With the wealth of information available about Self-Directed IRAs on the internet and elsewhere, it is tempting to believe that such information provides sufficient guidance for the proper handling of your IRAs. However, as many have found out at great cost, handling IRAs without the assistance of a professional who is knowledgeable about how IRAs work is risky behavior. The following are just two of the many examples that are available:
10 Percent Rule Misapplied: The Case: Peggy Ann Sears v. Commissioner, T.C. Memo. 2010-146
Distributions from retirement accounts are subject to a 10 percent additional tax (early distribution penalty), unless an exception applies. One of the exceptions applies to amounts withdrawn from an Inherited IRA. This rule may seem simple. However, it gets complicated for spouse beneficiaries because a Self-Directed IRA that is inherited by a surviving spouse is not necessarily an inherited IRA. Here’s why!
When a surviving spouse inherits an IRA, he (or she) has the option of treating the amount as her ‘own’ IRA by moving the amounts to her own non-inherited IRA, or she may keep the amount in an inherited IRA. If the amount is kept in an inherited IRA, distributions from that inherited IRA are ‘death distributions’, which are not subject to the 10 percent early distribution penalty, regardless of the age at which the distribution is made. On the other hand, if the amount is moved to her ‘own’ IRA, the ‘death distribution’ exception no longer applies. In the case of Peggy Ann Sears v. Commissioner, T.C. Memo. 2010-146, Peggy found this out the hard way when she moved her deceased husband’s IRA into her own IRA and subsequently made withdrawals before she reached age 59 ½. Peggy did not pay the 10 percent early distribution penalty on the amount when she filed her tax return, because she thought the amount was a ‘death distribution’. The IRS amended her tax return to show that she owed the penalty, which amounted to $6,093.70.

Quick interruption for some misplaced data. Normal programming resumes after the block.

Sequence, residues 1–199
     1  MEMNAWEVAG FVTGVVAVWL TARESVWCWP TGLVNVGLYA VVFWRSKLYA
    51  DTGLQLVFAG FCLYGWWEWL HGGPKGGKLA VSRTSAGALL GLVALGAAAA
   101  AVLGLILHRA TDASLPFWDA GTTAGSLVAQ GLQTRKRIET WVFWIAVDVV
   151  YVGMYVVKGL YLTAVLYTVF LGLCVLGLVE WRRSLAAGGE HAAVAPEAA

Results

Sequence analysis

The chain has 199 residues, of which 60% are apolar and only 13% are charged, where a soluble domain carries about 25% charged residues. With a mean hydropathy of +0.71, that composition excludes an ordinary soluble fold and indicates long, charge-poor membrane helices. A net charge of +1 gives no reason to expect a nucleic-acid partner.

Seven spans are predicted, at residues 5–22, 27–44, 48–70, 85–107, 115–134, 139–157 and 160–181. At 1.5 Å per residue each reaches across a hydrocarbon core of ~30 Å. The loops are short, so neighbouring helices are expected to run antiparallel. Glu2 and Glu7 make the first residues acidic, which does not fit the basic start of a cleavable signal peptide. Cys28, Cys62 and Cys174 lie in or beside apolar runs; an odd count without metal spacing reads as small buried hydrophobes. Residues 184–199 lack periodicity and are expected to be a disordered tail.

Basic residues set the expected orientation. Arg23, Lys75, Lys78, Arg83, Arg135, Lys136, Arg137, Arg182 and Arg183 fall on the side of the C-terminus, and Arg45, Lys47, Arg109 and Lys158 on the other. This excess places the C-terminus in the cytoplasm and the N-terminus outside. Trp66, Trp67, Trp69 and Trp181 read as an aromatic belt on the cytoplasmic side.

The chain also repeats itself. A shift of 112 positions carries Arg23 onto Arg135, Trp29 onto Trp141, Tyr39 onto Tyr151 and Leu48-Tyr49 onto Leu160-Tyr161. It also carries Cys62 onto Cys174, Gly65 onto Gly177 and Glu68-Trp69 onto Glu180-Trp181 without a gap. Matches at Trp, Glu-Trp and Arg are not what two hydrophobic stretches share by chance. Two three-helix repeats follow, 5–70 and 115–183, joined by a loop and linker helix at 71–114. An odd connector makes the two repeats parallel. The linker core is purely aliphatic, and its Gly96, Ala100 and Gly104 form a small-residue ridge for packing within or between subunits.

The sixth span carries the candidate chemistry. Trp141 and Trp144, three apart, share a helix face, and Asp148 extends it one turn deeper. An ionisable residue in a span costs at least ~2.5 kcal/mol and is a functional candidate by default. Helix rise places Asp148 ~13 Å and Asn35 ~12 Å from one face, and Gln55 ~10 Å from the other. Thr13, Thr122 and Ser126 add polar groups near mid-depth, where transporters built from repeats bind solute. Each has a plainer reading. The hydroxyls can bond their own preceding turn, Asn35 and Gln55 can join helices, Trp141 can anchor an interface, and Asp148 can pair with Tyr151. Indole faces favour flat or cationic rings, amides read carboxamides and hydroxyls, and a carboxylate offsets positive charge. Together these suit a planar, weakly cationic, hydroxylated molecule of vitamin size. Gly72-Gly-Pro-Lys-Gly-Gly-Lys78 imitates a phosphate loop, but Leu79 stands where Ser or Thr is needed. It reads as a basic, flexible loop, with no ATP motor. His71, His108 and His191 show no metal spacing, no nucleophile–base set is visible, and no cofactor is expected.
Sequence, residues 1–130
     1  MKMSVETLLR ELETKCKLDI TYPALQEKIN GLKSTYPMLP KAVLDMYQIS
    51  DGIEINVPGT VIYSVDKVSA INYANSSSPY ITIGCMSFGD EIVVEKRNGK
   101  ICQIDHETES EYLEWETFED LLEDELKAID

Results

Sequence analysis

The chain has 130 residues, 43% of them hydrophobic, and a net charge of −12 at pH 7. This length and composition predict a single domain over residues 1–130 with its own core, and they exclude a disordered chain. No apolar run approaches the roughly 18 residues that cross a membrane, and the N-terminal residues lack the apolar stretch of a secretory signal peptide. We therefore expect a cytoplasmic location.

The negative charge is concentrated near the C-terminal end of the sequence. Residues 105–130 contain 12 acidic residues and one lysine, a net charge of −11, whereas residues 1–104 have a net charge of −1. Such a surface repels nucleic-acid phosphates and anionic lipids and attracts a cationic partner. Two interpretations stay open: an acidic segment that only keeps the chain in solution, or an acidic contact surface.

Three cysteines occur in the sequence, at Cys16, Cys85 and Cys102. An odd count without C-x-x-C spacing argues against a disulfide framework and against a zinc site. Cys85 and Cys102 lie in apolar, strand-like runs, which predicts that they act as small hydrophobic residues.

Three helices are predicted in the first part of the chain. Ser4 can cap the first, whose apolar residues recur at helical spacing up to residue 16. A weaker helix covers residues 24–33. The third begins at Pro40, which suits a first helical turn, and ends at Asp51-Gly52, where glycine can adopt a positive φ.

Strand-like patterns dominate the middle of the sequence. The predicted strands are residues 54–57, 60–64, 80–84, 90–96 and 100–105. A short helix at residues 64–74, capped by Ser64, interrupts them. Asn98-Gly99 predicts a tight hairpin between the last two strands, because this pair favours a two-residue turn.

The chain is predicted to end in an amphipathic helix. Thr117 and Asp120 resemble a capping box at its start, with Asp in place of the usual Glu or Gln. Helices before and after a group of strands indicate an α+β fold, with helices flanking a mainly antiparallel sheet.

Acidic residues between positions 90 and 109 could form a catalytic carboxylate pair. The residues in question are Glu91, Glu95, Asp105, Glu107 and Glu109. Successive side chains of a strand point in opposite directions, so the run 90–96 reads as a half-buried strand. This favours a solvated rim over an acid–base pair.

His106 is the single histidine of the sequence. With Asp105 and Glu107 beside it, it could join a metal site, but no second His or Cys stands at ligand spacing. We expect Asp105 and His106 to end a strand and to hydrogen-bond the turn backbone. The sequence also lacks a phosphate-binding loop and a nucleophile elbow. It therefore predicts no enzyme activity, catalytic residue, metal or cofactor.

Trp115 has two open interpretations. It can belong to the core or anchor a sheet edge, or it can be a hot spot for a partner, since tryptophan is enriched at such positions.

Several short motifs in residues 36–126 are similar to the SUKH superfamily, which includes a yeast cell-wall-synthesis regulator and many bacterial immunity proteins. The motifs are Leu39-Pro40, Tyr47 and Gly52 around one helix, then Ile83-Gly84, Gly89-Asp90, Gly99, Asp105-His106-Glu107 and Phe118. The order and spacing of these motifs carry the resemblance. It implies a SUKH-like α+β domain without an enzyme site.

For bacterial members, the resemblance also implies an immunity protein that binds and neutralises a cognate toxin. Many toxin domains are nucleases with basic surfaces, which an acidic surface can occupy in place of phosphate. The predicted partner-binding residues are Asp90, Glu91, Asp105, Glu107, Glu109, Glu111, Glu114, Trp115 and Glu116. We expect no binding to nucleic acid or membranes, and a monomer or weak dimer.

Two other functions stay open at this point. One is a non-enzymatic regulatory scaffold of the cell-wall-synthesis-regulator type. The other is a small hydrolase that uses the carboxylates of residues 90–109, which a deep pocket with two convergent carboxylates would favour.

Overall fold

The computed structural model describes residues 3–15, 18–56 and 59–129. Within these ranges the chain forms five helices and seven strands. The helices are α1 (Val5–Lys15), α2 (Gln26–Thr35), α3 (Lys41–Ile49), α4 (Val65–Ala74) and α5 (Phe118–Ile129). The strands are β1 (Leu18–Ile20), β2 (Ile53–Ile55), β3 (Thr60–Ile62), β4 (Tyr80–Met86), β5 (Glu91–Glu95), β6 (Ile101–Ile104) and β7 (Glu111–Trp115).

Rule for Tax Treatment of IRA Earnings Misapplied: Robert L. Bernard and Diolinda B. Abilheira vs U.S. Tax Court T.C. Memo. 2012-221
Amounts withdrawn from an IRA are treated as ordinary income and any pretax amount is taxed at the owner’s ordinary income tax rate. However, the taxpayers in the case of Robert L. Bernard and Diolinda B. Abilheira vs. U.S. Tax Court felt differently and applied the (lower) capital gains treatment to amounts that they withdrew from various IRAs. They claimed that because capital gains within their IRAs increased the value of those accounts, they are entitled to report the distributions received as capital gains. They also contended that capital gains within the accounts “increased the cost basis” of shares. However, the IRS disagreed and amended their tax return, which resulting in them owing a penalty of $8,179.
Let us Guide You
With the availability of seemingly endless sources of information about Self-Directed IRAs, you might be tempted to feel you have enough knowledge to handle your IRA transactions without assistance. But as you know, practical experience is often needed to help ensure proper application of the rules. Please contact us before initiating transactions that could put your retirement savings at risk of unintended taxes and avoidable penalties.